The Intrepid Awards, July 10, 2003, National Museum of Women in the Arts, Washington, D.C.

Dr. Mae C. Jemison

Dr. Mae C. Jemison
Dr. Mae C. Jemison

Mae C. Jemison blasted into orbit aboard the space shuttle Endeavour, September 12, 1992, the first woman of color to go into space. Now, founder and president of two technology companies, the space flight was just one of a series of accomplishments for this dynamic woman.

Born in Decatur, Ala. and raised in Chicago, she entered Stanford University as a scholarship student at age 16. After graduating with a B.S. in Chemical Engineering and fulfilling requirements for an A.B. in African and Afro-American studies, she earned her doctorate in medicine at Cornell University Medical College.

Prior to joining NASA in 1987, Dr. Jemison worked in both engineering and medicine. Following two and a half years as a Peace Corps medical officer for Sierra Leone and Liberia in West Africa, she worked as a general practitioner in Los Angeles.

As the science mission specialist on the STS-47 Spacelab J flight, a U.S./Japan joint mission, she conducted experiments in life sciences, material sciences, and co-investigated the Bone Cell Research experiment. After serving six years as a NASA astronaut, Dr. Jemison resigned from NASA in March 1993 to start The Jemison Group, Inc., to focus on the beneficial integration of science and technology into daily life.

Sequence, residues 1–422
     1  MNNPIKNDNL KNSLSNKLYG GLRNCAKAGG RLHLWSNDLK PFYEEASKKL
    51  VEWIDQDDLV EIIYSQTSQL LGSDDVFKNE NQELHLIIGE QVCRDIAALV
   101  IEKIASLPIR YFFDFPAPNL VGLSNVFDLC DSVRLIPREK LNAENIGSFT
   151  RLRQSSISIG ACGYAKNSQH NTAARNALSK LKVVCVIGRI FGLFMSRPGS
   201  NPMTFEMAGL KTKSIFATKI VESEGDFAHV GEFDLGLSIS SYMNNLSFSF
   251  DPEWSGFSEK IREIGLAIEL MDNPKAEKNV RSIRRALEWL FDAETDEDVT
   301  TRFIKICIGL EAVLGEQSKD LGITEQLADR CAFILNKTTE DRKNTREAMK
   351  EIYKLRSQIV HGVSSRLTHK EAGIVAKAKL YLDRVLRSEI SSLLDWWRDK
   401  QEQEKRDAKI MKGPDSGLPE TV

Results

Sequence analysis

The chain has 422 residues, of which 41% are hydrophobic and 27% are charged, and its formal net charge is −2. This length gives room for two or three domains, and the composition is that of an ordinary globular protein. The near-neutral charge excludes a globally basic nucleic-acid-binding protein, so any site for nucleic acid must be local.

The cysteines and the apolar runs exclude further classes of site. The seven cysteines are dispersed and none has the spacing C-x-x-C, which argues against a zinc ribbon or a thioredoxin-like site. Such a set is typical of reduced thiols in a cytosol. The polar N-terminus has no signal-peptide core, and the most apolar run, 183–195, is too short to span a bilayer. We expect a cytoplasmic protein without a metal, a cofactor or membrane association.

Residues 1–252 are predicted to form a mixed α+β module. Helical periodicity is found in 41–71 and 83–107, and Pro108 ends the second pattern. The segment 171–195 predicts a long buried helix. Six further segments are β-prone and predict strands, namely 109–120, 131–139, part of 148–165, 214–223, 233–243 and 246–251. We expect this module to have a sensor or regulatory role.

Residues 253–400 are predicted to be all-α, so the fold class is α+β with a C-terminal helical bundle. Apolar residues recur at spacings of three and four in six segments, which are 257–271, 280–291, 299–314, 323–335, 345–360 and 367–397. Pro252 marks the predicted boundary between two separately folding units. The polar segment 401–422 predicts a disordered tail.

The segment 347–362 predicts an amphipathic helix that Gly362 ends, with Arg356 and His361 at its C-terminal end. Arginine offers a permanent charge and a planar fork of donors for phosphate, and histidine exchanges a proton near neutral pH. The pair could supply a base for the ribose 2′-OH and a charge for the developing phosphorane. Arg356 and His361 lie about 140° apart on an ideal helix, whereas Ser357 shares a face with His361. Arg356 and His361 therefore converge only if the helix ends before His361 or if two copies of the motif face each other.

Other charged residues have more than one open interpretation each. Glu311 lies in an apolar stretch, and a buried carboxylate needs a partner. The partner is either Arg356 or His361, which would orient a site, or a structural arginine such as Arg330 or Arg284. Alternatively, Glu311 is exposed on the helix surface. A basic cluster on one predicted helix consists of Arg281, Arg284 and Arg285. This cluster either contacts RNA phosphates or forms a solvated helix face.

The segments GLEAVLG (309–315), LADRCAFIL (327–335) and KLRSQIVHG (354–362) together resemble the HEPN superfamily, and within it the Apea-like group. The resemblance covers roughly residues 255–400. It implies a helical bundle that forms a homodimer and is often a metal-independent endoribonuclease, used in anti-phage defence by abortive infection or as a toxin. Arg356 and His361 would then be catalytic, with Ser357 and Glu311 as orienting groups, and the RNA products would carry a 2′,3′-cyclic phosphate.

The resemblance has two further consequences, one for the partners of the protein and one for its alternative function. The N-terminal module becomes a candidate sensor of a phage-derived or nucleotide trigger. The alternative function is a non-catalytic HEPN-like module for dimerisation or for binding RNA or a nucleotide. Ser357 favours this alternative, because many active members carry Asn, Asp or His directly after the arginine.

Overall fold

In 1994, Dr. Jemison founded The Earth We Share, an annual international science camp where students, ages 12 to 16, work together to solve current global dilemmas.

As former professor of Environmental Studies at Dartmouth College, and director of the Jemison Institute for Advancing Technology in Developing Countries, Dr. Jemison is currently an A.D. White Professor-at-Large at Cornell University.

Her first book, "Find Where the Wind Goes: Moments from My Life," autobiographical anecdotes about growing up, was written for teenagers and was published in spring 2001 and released as a paperback in Jan. 2003.

Dr. Jemison's latest business venture, BioSentient Corporation, was created in July 1999 by The Jemison Group, Inc., which holds the exclusive license from NASA to commercialize exciting new technology. Originally designed to control motion sickness, BioSentient's technology presents significant opportunities across a wide spectrum of health and human performance areas.


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